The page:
The Future of the Discipline
Teaching History in the 21st-Century Community College
Virtually every one of the 2.4 million students who attend one of California's 112 community colleges takes at least one course in History. Title 5 Section 40404 of the Education Code requires that students graduating from the California State University system, the major receiving institution for community college transfers, demonstrate competency in "the historical development of American institutions and ideals, the Constitution of the United States and the operation of representative democratic government under the Constitution, and the process of California state and local government."1 Although there are a variety of courses that satisfy the "American Institutions" requirement, most students take the two U.S. surveys, or at least one of them in conjunction with a course in political science or ethnic studies. The two-course sequences in world history and Western Civilization are highly subscribed as well. In addition to these basic courses, many history programs offer a wide array of lower-division courses. In a survey of 20 California two-year colleges, I found programs offering between 10 and 40 courses: the average number was 24. The last 20 years or so have been generally favorable for the California community colleges' history programs: enrollments have been solid, the curriculum has expanded, and a post-1988 hiring wave brought a cadre of well-trained, experienced faculty into the system. In addition, the professional status of our faculty has benefitted from the fact that organizations like the American Historical Association and the Organization of American Historians have focused significant attention on the teaching of history in the community colleges.2
The Great Recession, however, delivered a staggering blow to the California community colleges, from which we have yet to recover. We have suffered budget cuts of more than $809 million dollars in just the last three years. Tenure-track hiring has been frozen by some institutions, student services have been reduced, and so many classes have been cut that this fall, more than 472,000 students were unable to enroll in the classes they needed. It does not appear that history classes have been disproportionately affected by the reductions; but their offerings are certainly fewer than was the case three years ago. Unfortunately, the worst may be yet to come. In an attempt to at least prevent the collapse of public education in California, Governor Jerry Brown has placed a revenue-producing initiative on the November ballot. Proposition 30 increases personal income tax by 1 percent to 3 percent on individuals earning more than $250,000 annually for a period of seven years, and increases the state's sales tax by ¼ cent for four years. If the measure passes, approximately $210 million dollars will be added to community college base funding for 2012–13. If the measure fails, budget reductions will total nearly $549 million dollars for 2012–13.
The current budget crisis has tipped the ratio of full-time to part-time instructors in an even more unfavorable direction. Adjunct instructors now comprise more than 70 percent of the faculty at California's two-year public colleges. Moreover, tenured faculty are getting older and many are retiring, while hiring freezes prohibit their immediate replacement with new tenure-track professors. Most adjuncts are dedicated teachers and scholars; nevertheless, they are often unavailable to students beyond instructional hours, and, most critically, they generally are not able to participate in the kinds of service activities that are consuming more and more of the time of our tenured colleagues.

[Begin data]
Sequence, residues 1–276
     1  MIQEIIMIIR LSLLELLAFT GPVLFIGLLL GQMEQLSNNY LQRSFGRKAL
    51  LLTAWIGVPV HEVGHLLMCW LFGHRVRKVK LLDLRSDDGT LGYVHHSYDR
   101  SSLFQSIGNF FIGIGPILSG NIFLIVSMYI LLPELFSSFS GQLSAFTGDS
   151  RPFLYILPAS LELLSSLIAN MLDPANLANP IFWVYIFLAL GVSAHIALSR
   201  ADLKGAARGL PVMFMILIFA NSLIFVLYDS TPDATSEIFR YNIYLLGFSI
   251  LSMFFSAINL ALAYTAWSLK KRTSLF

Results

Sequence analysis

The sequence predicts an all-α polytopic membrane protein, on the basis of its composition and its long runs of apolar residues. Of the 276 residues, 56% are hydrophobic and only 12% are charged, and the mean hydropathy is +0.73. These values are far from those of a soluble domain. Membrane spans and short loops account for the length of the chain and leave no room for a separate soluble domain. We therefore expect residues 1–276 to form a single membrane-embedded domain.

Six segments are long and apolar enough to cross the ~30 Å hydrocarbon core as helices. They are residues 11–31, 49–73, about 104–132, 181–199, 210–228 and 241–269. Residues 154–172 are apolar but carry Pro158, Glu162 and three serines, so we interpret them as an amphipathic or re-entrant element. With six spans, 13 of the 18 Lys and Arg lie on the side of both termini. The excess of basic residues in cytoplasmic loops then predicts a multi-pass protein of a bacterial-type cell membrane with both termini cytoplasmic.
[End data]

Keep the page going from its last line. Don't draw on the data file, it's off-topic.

After 1978, the funding source for most of California's community colleges shifted from local property taxes to state general funds. This shift has enabled the state legislature and governor to become much more active shapers of higher education than is the case in perhaps any other state. On September 29, 2010, the governor signed the Student Transfer Agreement Reform Act (SB 1440). The bill was intended to facilitate a seamless transfer from community colleges to the California State University (CSU) system. Community colleges are required to create associate degrees for transfer, and CSU institutions are expected to accept those holding such degrees into their upper-division programs. The associate degree can have only 60 transferable (semester) units; CSU campuses may not require students to repeat courses similar to those taken for the associate degree, and may not require more than 120 units for completion of the baccalaureate degree.
One potential challenge for historians is apparent confusion over the viability of "non-core" courses in the new transfer degrees. The state-level Transfer Model Curriculum (TMC) for history lists two required courses—History of the United States I and II; two additional courses to be chosen from among four options—World History I and II, Introduction to Western Civilization I and II; one course to be chosen from among a number of foreign language or nonwestern history courses; and, one additional course to be chosen from a wide variety of history or related courses. As noted above, many community college history programs offer dozens of courses in addition to the four to six required by the TMC. Virtually all of these courses satisfy general education requirements; nevertheless, some have argued that offering non-core courses is an inefficient use of shrinking resources: we should instead redistribute most of our FTEF to basic skills courses or to the expansion of the "core" courses required for transfer. One problem with this argument is that although there is clearly a need for remediation, basic skills courses do not seem to be particularly effective in elevating student skills to college level within a reasonable time frame.3 Another problem is that most community colleges already offer more than enough sections of the U.S., world, and Western Civilization classes to support transfers in the history major. At the 25,000-student college in which I work, we have granted 50 associate degrees in history during the last 5 years. During that same period, we offered about 600 history courses. This means 50 students from among approximately 24,000 who enrolled in history courses transferred with a history major. Clearly, most students taking history courses in California community colleges are not pursuing majors in history. Most are probably taking those courses to satisfy American Institutions requirements and to fill other GE breadth requirements. But some (I fervently hope) are taking history courses because they want to learn something about history; and their interests may not be limited to the areas covered by the "core courses." Most students in the United States who take courses in History will do so at a community college: it would do them a great disservice to restrict history offerings to a six-course "core."